I did! I thought that was a great battle too, I liked the contrast between him and the first two battles. I can definitely say the game is really packed with some great bosses, for both Momohime and Kisuke’s side, I’m really glad so far to see they didn’t just reuse bosses for each side. Although I’m still early on Kisuke’s side.

      • Yea, it’s awesome because it FEELS like a fair fight and you actually have to block and parry in this one, and break his defense instead of jumping around all over the place and digging into him. Drawn Back Slash is really useful here!

        I’ve played about an hour of Kisuke’s route so far. Momohime’s story seems more interesting but maybe Kisuke’s will pick up. I’m about 6 hours into her route at the moment.

  • Total_Overdose

    if Rising Star’s translation is better, can you let us followers know? Because I LOATH Ignition’s sub-par translation of the game and would like to pick up Rising Star’s version (if it has a good trans.)

    • Keep in mind, Rising Star’s version doesn’t have a release date locked down yet. It just says “Winter 2009” and as we all know, that could very well mean January 2010. Sure, we’ll try and keep an eye on RS’s version.

      Ignition’s translation is by no means terrible, but it could’ve been better. I wouldn’t not buy the game based on just that one comment. It’s still an awesome game. :)

      • I think you should play both and alternate between characters. I’m on plot 6 on both of them. It seems like their stories do blend down the line.

        • Not only that, it also seems like you can only forge the swords that are in the middle of the chart if you play both routes. Enough incentive for me. :D

  • Advent_Andaryu

    I’m very pleased with Muramasa so far and I’m near the end. I think you’re just nit-picking here…

    “Aside from statistical differences in swing speed, effects and attack power, every blade is the same, barring the special moves.”

    So you’re saying every blade is kinda different but you’re upset because they didn’t make an entire move set for each individual katana? That’s just stupid, they did a terrific job making each blade unique. And besides… There’s like hundreds of katana’s to choose from!! You get a new one like every other map…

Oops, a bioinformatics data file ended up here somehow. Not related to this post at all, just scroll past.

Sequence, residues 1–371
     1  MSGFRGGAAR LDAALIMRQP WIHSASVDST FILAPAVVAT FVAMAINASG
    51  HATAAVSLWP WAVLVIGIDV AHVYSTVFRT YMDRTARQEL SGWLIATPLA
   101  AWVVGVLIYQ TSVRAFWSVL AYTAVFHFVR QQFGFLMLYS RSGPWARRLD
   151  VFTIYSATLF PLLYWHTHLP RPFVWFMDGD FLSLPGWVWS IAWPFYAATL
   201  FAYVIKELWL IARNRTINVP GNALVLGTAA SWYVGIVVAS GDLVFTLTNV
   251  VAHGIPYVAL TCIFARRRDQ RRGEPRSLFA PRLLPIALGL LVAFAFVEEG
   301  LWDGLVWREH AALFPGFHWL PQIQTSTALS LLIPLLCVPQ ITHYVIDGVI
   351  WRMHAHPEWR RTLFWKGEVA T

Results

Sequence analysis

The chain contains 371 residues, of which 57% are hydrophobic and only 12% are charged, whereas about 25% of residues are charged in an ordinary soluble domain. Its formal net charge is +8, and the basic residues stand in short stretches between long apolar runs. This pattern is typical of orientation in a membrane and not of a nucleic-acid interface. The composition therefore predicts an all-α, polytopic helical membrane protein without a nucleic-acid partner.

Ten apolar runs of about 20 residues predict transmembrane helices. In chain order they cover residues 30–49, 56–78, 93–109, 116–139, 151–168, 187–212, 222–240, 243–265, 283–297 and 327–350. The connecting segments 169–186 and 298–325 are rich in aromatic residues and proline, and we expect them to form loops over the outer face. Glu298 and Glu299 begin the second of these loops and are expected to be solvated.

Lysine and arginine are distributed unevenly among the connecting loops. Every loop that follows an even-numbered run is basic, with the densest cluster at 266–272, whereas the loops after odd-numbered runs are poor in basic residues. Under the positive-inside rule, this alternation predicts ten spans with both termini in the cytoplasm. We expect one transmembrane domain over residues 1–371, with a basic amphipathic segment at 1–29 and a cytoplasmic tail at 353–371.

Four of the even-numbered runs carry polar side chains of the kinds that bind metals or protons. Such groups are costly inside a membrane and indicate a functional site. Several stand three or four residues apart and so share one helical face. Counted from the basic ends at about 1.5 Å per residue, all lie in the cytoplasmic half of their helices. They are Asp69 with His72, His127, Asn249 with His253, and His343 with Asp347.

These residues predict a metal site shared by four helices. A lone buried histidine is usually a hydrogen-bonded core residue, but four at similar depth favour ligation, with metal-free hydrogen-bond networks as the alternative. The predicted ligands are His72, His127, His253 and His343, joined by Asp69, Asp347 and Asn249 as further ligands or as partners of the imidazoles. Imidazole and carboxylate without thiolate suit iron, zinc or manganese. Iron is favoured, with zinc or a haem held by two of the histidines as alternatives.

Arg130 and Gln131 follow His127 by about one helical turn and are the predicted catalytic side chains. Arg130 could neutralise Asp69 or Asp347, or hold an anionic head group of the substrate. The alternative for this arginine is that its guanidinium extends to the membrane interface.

• Icon

    This game is very enjoyable on a lot of levels. I think the visuals and attention to detail is really fascinating. I’m really enjoying the music and the gameplay itself is just a lot of fun!

    Keep us posted on Rising Star’s translation, Ishaan, because I do agree that it seems Ignition’s is lacking. I sure hope I don’t feel this way when Nostalgia comes around…

  • Asura

    This game shines in Shigurui Mode. 1 hit and you are dead. Your sword breaks you are dead. The most fun I have had in a loooong time.

    Beat the game once to unlock it, and I suggest you start a new game on this difficulty (you have to since you can’t change it afterward), and then continue everything from there.

    This game is so long for a 2D sidescrolling beat-em up. 2 stories about 8 hours each, then you get to do the other characters bosses, all the challenges you have not yet done, which adds another good 5 hours at the minimum per character.

    Best game I have played in a long long time. About 90% done with everything so far.

  • There’s more impressions coming later in the week. The people who said the blades are diverse enough as is were right. It really opens up later in the game.